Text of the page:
- Oral presentation
- Open Access
Evaluating statistical characteristics of biomarker-guided trial designs
© Antoniou et al. 2015
Published: 16 November 2015
Stratified or personalized medicine is a rapidly growing area of research and has attracted much attention in recent years not only in the field of oncology but also in other diseases. The aim of stratified medicine is to tailor the treatment given to a patient according to one or more personal characteristics. These characteristics can be demographic such as age or gender, or biological such as a genetic or other biomarker. Prior to utilising a patient's biomarker information in clinical practice, it is necessary that their validity has been robustly tested in terms of analytical validity, clinical validity and clinical utility. A number of biomarker-guided clinical trial designs have been identified for testing a biomarker's clinical utility in a literature search we undertook in the MEDLINE database, restricted to publications within the last ten years. These designs are essential in testing the effectiveness of a biomarker-guided approach to treatment, however to our knowledge no formal comparison of the designs in terms of their advantages and disadvantages, particularly from a statistical viewpoint, has been undertaken so far. The objective of this study is to examine some of the statistical features (e.g. power) of such trial designs, including a critical appraisal and comparison across designs in terms of these features. To achieve this, we applied statistical simulation methods and here we report on our findings.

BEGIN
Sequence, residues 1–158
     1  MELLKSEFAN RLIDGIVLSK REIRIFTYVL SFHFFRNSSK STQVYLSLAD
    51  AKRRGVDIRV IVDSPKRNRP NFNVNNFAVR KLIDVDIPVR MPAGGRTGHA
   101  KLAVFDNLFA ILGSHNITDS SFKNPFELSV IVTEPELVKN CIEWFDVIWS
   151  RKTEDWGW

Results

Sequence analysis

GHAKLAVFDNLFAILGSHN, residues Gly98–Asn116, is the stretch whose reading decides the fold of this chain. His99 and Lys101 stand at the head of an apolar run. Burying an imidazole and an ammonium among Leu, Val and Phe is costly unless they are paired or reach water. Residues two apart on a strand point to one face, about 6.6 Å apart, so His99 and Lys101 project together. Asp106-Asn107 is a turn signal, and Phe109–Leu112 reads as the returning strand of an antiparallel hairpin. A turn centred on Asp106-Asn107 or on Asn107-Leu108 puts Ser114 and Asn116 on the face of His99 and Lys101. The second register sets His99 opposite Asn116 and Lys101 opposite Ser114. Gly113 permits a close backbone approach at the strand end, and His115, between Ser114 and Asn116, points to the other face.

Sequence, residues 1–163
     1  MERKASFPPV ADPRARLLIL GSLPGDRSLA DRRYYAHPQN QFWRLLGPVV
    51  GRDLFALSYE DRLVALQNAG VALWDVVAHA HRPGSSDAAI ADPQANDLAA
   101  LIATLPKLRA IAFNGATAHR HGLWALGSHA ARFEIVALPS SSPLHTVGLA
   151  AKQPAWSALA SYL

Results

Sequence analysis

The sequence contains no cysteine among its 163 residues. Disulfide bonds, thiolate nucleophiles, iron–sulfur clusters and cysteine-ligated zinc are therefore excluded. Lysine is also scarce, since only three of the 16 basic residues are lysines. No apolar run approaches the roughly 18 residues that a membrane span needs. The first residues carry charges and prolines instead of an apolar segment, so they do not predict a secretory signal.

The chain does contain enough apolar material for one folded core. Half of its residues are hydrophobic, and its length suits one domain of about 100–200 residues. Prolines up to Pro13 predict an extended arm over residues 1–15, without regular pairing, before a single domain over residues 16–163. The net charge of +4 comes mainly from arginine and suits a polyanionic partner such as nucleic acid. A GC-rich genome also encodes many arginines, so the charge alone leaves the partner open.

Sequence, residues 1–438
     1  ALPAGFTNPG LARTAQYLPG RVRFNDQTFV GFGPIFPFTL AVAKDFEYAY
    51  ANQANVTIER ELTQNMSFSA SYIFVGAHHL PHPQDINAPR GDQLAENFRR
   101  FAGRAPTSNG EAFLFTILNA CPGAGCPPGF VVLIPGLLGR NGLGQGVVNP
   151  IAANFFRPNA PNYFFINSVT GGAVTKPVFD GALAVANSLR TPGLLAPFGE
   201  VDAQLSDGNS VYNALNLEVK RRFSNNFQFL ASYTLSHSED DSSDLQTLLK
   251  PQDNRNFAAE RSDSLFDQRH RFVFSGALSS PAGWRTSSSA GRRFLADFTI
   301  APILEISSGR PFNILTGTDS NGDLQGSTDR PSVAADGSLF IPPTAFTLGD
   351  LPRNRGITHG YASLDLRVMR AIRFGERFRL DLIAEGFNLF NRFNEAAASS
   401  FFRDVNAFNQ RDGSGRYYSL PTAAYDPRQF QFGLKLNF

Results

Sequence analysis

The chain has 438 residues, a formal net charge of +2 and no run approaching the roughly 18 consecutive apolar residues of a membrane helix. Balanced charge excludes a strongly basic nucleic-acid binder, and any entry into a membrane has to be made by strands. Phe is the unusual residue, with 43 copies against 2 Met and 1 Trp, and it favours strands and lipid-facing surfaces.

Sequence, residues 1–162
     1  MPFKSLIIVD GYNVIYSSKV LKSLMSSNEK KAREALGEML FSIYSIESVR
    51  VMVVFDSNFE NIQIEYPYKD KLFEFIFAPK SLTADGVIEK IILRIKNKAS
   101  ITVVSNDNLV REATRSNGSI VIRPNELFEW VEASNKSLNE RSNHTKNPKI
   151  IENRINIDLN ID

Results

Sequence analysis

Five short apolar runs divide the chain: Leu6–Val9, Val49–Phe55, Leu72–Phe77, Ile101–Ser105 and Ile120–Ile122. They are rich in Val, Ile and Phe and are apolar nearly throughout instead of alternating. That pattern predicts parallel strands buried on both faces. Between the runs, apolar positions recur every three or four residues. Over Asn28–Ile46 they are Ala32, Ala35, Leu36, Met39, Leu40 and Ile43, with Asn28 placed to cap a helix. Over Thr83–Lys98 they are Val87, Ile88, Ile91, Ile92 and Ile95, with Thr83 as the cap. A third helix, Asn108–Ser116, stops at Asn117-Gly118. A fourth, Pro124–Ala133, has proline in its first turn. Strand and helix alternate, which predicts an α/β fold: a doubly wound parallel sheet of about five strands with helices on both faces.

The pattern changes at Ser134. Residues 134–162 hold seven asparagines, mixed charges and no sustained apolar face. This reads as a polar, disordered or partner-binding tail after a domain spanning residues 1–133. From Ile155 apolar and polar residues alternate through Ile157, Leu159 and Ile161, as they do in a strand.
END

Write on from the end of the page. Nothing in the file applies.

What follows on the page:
This article is published under license to BioMed Central Ltd. This is an Open Access article distributed under the terms of the Creative Commons Attribution License (http://creativecommons.org/licenses/by/4.0), which permits unrestricted use, distribution, and reproduction in any medium, provided the original work is properly cited. The Creative Commons Public Domain Dedication waiver (http://creativecommons.org/publicdomain/zero/1.0/) applies to the data made available in this article, unless otherwise stated.